(1877–1942), Yiddish poet and songwriter. Mordkhe Gebirtig (Bertig) was a native of Kraków. Details given in various sources regarding the personal history of this poet in the first 20 years of his life—such as the year of his birth, his alleged studying at a heder until the age of 10, his alleged employment as a carpenter’s apprentice, and the claim that he subsequently made a living working as a carpenter—were refuted by the latest researcher of his work, Natan Gross; thus, information about his early life is practically unavailable.
Gebirtig began his artistic career in the first years of the twentieth century as an actor with an amateur theatrical company in Kraków. Probably with support from Avrom Reyzen, who lived in Kraków at the time, Gebirtig began to write and published his works in the periodical Der sotsyal demokrat, the official publication of the Jewish Social Democratic Party of Galicia.
During World War I, Gebirtig served in the Imperial Austro-Hungarian Army. In 1920, the first collection of his songs was published in Kraków. It took the form of a booklet, titled Folkstimlekh (In the Folk Style). In the following years, he became increasingly famous, and his songs—love songs, children’s songs, lullabies—were very popular. His lyrics were easily comprehensible and his melodies catchy. They were included in the repertoires of actors and theatrical companies in Poland and the United States.
In Kraków, Gebirtig frequently performed his songs, typically with audience participation. In 1936, a group of friends and admirers published a second collection of them with sheet music, entitled Mayne lider (My Songs). One thousand copies of this collection were printed and distributed, an impressive number for a book of contemporary Yiddish poetry. In 1938—probably influenced by increasing antisemitism and pogroms in Poland—Gebirtig wrote his song “S’brent” (It is burning [listen to a recording]). Initially, the song did not draw much attention, but during the Holocaust it became popular among young people and in Jewish resistance movements. It was erroneously assumed to have been written during the Holocaust.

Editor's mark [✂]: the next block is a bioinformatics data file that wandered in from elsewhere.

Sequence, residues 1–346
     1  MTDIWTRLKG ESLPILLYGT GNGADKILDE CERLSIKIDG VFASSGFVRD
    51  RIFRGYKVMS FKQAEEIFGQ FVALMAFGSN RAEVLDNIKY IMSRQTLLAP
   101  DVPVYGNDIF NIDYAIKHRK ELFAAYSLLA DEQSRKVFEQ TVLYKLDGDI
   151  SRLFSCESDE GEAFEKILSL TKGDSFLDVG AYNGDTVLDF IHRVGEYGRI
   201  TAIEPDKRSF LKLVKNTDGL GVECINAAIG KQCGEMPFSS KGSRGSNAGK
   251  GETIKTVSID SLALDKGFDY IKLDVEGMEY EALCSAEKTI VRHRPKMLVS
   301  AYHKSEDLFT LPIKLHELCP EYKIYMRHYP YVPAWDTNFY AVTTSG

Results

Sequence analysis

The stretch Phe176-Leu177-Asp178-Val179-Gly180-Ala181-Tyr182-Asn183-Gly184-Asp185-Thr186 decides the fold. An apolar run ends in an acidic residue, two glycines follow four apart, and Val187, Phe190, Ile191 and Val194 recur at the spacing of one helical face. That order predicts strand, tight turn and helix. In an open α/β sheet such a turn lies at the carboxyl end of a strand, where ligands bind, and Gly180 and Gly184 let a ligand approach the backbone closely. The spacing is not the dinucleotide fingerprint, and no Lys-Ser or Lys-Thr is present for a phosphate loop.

Until 1940, Gebirtig lived in Kraków with his wife and family and continued to write songs that reflected the dark mood of the time, although his songs still contained a note of hope for a better future. In October 1940, his family was expelled, with other Jews, to a village on the outskirts of the city, where Gebirtig, whose health was deteriorating, continued to write. One of the songs he wrote then was called “A tog fun nekome” (A Day for Revenge), a song of solace and encouragement about the future downfall of the persecutors. In April 1942, the Gebirtig family was transported to the ghetto, where Mordkhe still continued to write. On 4 June 1942, while being marched to the Kraków train station on the way to the Bełżec death camp, Gebirtig was murdered by random Nazi fire.
“Gebirtig, Mordkhe,” in Leksikon fun der nayer yidisher literatur, vol. 2, cols. 286–290 (New York, 1958); Natan Gross, “Oyf di shpurn fun Mordkhe Gebirtig,” Di goldene keyt 138 (1994): 159–174; Natan Gross, “Mordechaj Gebirtig: Czlowiek Teatru,” in Teatr Żydowski w Krakowie, ed. Jan Michalik and Eugenia Prokop-Janiec, pp. 115–122 (Kraków, 1995); Natan Gross, “Mordechai Gebirtig: The Folk Song and the Cabaret Song,” Polin 16 (2003): 107–117; Bernard Mark, Di umgekumene shrayber fun di getos un lagern: Un zeyere verk (Warsaw, 1954), pp. 187–194.
RG 738, Molly Picon, Papers, ca. 1900-1972; RG 740, Mordecai Gebirtig, Papers, 1920s-1942 (finding aid).
Translated from Hebrew by Rami Hann